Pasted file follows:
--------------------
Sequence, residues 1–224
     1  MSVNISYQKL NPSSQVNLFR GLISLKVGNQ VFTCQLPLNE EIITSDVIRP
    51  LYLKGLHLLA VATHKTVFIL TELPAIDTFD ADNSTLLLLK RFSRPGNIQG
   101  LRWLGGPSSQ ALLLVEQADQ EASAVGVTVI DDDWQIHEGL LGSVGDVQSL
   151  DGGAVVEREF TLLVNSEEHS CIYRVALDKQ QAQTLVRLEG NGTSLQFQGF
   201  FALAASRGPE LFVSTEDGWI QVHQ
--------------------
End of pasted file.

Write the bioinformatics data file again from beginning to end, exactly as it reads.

Sequence, residues 1–224
     1  MSVNISYQKL NPSSQVNLFR GLISLKVGNQ VFTCQLPLNE EIITSDVIRP
    51  LYLKGLHLLA VATHKTVFIL TELPAIDTFD ADNSTLLLLK RFSRPGNIQG
   101  LRWLGGPSSQ ALLLVEQADQ EASAVGVTVI DDDWQIHEGL LGSVGDVQSL
   151  DGGAVVEREF TLLVNSEEHS CIYRVALDKQ QAQTLVRLEG NGTSLQFQGF
   201  FALAASRGPE LFVSTEDGWI QVHQ